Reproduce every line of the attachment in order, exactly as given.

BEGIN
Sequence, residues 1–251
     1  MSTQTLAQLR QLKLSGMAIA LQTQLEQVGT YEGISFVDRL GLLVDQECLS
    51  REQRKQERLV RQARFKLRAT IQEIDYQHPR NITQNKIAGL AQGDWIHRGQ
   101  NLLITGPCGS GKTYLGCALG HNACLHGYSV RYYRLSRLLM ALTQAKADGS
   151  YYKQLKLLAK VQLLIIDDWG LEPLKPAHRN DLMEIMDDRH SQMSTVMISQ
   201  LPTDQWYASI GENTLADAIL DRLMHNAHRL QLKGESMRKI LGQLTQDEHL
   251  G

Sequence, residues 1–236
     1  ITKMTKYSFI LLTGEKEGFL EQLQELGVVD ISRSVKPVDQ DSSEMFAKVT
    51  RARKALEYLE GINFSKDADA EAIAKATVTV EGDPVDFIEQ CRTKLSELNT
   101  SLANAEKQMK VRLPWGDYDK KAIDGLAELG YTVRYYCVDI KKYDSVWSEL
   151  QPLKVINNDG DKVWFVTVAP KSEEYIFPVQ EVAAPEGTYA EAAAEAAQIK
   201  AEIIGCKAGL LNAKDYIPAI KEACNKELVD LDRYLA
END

Sequence, residues 1–251
     1  MSTQTLAQLR QLKLSGMAIA LQTQLEQVGT YEGISFVDRL GLLVDQECLS
    51  REQRKQERLV RQARFKLRAT IQEIDYQHPR NITQNKIAGL AQGDWIHRGQ
   101  NLLITGPCGS GKTYLGCALG HNACLHGYSV RYYRLSRLLM ALTQAKADGS
   151  YYKQLKLLAK VQLLIIDDWG LEPLKPAHRN DLMEIMDDRH SQMSTVMISQ
   201  LPTDQWYASI GENTLADAIL DRLMHNAHRL QLKGESMRKI LGQLTQDEHL
   251  G

Sequence, residues 1–236
     1  ITKMTKYSFI LLTGEKEGFL EQLQELGVVD ISRSVKPVDQ DSSEMFAKVT
    51  RARKALEYLE GINFSKDADA EAIAKATVTV EGDPVDFIEQ CRTKLSELNT
   101  SLANAEKQMK VRLPWGDYDK KAIDGLAELG YTVRYYCVDI KKYDSVWSEL
   151  QPLKVINNDG DKVWFVTVAP KSEEYIFPVQ EVAAPEGTYA EAAAEAAQIK
   201  AEIIGCKAGL LNAKDYIPAI KEACNKELVD LDRYLA